|Future power plants may well feature wind and solar power|
I give a lot of grief to my friend Andy for sinking all the money he’s saved these past few years into buying a Prius. Yes, I’m one of those who likes to characterize consumers like Andy who invest in hybrid technology as, for wont of a more graceful label, “suckers”. As in “You’re a sucker for buying that thing because something more energy-efficient that doesn’t rely on gas nearly as much is only a few years away.” Of course, the thought only occurs to me while I’m riding with Andy in said Prius, and so his usual response to my rant is to come to a screeching halt, and suggest I ride the bus.
The truth is we can look down on bridge technology as temporary, trendy or ripe for monetary manipulation all we want, but it is absolutely necessary if we have any hope of keeping energy production on pace with American population growth (which, by the way, is accelerating faster than any other first-world country’s.) This not only means merging clean technology with our everyday surroundings like cars and roofs. No, we need to think deeper, closer to resources; more at the heart of the matter.
Oh snap, someone already has:
“Utilities are eyeing adding solar as a power source for conventional plants. Augmenting natural-gas-fired power plants with cells that capture the sun’s heat can boost a generating station’s total efficiency and increase its peak capacity.By using the plant’s existing infrastructure…steam turbines, transmission lines…they can produce renewable energy 30% cheaper than stand-alone solar installations.”
Kiplinger Letter, June 24, 2011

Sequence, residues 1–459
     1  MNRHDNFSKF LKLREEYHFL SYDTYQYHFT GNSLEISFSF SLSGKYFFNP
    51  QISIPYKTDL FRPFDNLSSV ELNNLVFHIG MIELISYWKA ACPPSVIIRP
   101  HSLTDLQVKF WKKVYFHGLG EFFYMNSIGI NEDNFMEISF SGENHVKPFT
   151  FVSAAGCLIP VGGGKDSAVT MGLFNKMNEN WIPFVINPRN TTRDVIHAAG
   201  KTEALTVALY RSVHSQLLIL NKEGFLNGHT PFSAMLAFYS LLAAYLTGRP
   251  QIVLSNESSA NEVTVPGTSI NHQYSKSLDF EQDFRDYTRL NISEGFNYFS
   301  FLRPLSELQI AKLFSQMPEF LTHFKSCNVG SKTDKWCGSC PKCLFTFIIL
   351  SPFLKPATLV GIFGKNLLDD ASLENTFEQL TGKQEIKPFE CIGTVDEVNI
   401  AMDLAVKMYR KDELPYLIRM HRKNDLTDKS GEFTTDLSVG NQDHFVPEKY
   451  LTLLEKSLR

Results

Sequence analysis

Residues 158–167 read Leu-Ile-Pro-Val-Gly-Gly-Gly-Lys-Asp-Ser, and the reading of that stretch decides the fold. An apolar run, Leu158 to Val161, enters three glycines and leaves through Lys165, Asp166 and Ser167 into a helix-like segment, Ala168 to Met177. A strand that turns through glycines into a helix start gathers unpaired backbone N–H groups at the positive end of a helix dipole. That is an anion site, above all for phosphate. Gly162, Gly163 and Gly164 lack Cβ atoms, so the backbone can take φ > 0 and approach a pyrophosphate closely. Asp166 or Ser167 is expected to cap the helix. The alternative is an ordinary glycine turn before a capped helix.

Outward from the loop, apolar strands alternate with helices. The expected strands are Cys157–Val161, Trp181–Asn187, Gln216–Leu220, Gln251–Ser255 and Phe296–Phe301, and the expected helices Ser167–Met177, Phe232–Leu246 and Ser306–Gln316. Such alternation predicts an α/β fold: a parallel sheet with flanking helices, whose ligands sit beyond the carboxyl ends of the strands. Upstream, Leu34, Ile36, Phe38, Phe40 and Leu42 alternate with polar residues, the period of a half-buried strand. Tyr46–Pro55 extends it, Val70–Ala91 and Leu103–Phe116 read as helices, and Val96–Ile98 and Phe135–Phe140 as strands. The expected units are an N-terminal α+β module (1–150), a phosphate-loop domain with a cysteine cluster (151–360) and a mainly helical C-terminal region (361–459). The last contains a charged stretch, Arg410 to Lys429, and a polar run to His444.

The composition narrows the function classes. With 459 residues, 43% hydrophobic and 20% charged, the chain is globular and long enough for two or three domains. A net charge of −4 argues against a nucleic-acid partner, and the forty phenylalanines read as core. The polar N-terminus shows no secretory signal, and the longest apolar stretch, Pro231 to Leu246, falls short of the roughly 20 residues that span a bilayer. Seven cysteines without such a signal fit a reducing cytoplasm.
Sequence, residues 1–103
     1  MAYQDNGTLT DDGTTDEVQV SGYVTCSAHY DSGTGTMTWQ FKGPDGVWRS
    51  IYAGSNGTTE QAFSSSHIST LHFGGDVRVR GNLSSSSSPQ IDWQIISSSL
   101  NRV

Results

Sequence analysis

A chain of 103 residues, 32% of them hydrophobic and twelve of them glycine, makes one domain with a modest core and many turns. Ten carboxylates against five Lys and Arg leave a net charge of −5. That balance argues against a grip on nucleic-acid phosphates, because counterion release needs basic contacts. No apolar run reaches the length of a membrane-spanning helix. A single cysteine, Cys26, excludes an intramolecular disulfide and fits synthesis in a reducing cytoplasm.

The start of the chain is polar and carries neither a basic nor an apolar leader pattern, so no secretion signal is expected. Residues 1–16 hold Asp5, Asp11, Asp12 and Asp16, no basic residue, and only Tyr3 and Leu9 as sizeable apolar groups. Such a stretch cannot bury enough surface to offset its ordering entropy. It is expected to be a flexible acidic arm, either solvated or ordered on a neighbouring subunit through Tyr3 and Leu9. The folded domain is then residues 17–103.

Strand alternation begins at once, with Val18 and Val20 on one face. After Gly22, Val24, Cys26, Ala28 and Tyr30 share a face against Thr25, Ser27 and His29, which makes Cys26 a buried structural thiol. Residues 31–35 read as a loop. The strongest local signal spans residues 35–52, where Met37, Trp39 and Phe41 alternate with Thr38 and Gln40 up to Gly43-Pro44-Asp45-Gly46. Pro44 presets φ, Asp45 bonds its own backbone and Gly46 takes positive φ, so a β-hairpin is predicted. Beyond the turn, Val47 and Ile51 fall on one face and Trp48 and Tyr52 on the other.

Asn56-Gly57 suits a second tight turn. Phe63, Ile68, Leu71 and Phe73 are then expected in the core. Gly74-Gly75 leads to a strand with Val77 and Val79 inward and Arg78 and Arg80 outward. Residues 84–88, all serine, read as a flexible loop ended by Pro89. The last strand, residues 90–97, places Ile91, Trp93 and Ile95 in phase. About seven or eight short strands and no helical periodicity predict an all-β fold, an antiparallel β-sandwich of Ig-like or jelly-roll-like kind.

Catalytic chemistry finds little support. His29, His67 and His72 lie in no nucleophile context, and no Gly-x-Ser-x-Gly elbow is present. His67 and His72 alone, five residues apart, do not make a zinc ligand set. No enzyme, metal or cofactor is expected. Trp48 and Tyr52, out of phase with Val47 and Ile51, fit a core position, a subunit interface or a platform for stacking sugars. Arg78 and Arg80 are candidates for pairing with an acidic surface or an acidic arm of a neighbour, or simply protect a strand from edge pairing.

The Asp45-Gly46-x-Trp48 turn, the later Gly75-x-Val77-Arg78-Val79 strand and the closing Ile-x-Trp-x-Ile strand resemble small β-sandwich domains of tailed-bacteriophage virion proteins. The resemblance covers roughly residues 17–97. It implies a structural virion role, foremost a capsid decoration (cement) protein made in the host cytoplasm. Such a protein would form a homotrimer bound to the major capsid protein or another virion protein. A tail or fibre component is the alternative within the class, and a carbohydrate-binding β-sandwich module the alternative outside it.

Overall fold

Of course, utility companies make a lot of hubbub these days over integrating clean tech but not exactly stepping up to the plate in any real scenario, right? Eyeing potential hybrid power sources is not exactly shelling out the investment to manufacture one, and we don’t see anyone doing that anytime soon, right?
Oh, double-snap, someone already did:
“ said its new turbine designed to pair gas and renewable-power generation was chosen by
’s MetCap Energy Investments Turkey
for the first combination solar-natural gas plant.
The site will use technology from closely held eSolar Inc., wind and the “FlexEfficiency” gas turbine GE announced last week. The combination will be able to operate at a fuel- efficiency rate of more than 70 percent, greater than the rate of 61 percent for the combined-cycle turbine alone, GE said. It also makes solar more cost-efficient.”
Bloomburg.com, June 7, 2011
That’s the Gee-to-the-E putting its money where the collective advocacy’s mouth is and adding solar AND wind technology to a 530 Mw power plant in
. Karaman, Turkey
Bridge technology is messy and its temporary status is frustrating, but a company like GE putting capital into it can never be overlooked. They’re taking the first steps to something bigger. Let’s hope others follow suit instead of standing still.